Here at Burns we have been pondering the holiday season, reminiscing about our own holiday traditions. But what is a tradition? The definition states it is the transmission of customs or beliefs from generation to generation, or the fact of being passed on in this way. American history tends to lean on holiday traditions from all over the world, in turn, becoming a melting pot where all nations and traditions blend together. We have carols from England and Australia and trees from Germany. Santa Claus, or St. Nick in a red suit originated in Scandinavia and his arrival through the chimney to fill stockings is reminiscent of the Netherlands. His sleigh drawn by reindeer began in Switzerland, and our parades may be a carry-over from Latin processions. We also send Christmas cards, a tradition adopted from England, to express sentiments of the season. Of course the traditional feasting is typical of all nations. We, in turn, have fattened up the jolly old man in the red suit and blended all the traditions until he comes down the chimney on Christmas Eve, leaves gifts and stockings filled with treats then departs in a sleigh drawn by eight tiny reindeer. Our Burns family has thought long and hard about the holiday traditions that bring us cheer and we’d like to share a few.
Our product expert, Wendy Winn celebrates the holiday by starting the day off with breakfast pizza (recipe below). Once bellies are full, everyone gathers around the Christmas tree to open gifts. While opening gifts, each family member asks every other member of the family a question and in turn each answers. These questions are personal, questions about events that have happened throughout the year. This is a cherished tradition of reflection. Once the gifts are opened, Wendy’s family spends the afternoon roping together.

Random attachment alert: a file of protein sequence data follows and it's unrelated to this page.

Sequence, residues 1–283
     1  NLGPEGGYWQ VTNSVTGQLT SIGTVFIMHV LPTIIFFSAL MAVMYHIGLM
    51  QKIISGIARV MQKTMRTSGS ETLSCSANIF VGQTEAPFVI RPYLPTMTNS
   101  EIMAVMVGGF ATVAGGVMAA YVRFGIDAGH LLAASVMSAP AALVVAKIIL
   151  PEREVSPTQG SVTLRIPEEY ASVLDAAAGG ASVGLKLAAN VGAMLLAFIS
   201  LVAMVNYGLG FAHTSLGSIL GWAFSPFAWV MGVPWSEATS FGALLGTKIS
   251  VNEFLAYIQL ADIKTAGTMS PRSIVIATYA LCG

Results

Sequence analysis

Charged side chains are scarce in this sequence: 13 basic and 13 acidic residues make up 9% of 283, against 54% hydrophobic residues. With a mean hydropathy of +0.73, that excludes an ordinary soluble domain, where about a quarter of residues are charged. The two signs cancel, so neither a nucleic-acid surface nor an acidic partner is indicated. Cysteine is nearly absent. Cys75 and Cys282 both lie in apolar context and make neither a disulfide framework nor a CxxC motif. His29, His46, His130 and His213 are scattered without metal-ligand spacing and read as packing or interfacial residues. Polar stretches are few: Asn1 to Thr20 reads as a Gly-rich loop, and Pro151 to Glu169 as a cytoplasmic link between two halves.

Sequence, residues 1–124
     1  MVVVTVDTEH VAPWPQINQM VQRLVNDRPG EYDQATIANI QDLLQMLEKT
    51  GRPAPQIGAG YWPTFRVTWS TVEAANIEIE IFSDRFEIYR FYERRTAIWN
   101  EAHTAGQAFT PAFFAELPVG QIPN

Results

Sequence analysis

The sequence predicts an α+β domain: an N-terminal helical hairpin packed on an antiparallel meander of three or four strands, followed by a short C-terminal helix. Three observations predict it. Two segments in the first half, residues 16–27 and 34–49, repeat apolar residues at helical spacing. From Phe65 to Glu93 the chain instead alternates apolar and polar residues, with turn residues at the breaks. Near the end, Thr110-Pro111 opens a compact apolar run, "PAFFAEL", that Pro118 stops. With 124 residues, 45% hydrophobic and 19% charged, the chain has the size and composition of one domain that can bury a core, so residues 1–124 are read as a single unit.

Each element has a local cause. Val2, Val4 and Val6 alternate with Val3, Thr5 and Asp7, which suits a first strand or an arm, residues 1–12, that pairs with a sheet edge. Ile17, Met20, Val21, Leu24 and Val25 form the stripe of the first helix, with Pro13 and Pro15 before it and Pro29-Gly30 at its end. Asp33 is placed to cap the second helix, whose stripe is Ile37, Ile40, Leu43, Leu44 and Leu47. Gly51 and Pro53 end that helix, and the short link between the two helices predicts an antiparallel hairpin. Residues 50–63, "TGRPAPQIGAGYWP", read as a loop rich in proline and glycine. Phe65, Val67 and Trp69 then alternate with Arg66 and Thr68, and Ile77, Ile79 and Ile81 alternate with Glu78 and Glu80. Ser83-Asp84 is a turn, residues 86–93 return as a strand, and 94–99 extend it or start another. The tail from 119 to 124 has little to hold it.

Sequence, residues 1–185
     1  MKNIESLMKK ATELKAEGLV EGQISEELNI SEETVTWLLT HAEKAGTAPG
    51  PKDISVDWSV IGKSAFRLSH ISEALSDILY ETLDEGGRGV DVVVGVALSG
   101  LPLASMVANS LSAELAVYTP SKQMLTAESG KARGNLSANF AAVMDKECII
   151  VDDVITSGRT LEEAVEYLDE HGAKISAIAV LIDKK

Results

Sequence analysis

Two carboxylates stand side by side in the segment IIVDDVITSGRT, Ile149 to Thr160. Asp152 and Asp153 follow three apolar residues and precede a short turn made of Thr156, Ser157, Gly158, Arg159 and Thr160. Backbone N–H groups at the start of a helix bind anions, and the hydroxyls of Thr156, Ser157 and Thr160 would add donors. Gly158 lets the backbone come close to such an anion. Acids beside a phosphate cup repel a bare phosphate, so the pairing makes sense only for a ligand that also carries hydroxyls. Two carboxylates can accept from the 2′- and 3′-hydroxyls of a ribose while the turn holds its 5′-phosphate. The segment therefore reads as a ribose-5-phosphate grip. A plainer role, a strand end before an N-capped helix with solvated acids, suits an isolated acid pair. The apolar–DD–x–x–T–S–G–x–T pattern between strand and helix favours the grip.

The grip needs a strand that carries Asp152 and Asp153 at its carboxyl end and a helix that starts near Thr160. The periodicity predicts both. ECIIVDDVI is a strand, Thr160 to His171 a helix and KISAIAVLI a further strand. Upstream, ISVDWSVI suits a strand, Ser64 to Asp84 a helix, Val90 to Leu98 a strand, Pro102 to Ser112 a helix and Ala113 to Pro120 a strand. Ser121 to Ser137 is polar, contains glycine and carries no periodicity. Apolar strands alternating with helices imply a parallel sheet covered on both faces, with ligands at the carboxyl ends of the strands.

Andi, or as she is known in the Burns family, Rodeo Andi kicks off the holiday season with the whole family, including grandkids. On Thanksgiving everyone gets a Christmas bulb to paint for her tree. She makes sure everyone signs and dates their ornament each year. Now Andi has hand painted masterpieces adorning her tree and when everyone visits, they love finding their own Christmas bulbs.
Ingrid, our Swedish “parkite”, starts celebrating the season early, on 1st of Advent, when her special four-armed parallel candlestick comes out, and is placed on the mantelpiece. One candle is lit each Sunday leading up to Christmas and when they are all burning on the 4th of Advent, she knows Christmas is around the corner. Then on December 13th, the festivities of Santa Lucia are celebrated. Originally an Italian saint of light, Lucia was incorporated into Swedish traditions as a bearer of light in the darkest time of the year and in Ingrid’s own words she says, “Trust me, it is dark!” For Santa Lucia, a girl is chosen to be the Lucia, and generally has several girls as her cohorts following her in procession. They are all clad in long white gowns, with red sashes around their waists. The Lucia wears a wreath on her head with lit candles and her attendants carry single burning candles in their hands. Before dawn they gather and walk in procession in almost every church, home, office and hospital, singing traditional hymns and Christmas songs to the enjoyment of everyone. This is something that Ingrid misses from her homeland. When Christmas finally arrives, it does so early, as in Sweden she celebrates Christmas Eve rather than Christmas Day. She gathers with family in the afternoon, sipping on “glogg”, a hot, spiced red wine with almonds and raisins that is only served during the Christmas season, then opens presents, often placed underneath the Christmas tree and sometimes delivered personally by Santa Claus, and finally sits down for the big Christmas dinner, the “julbord” – a sumptuous buffet-styled “smorgasbord”.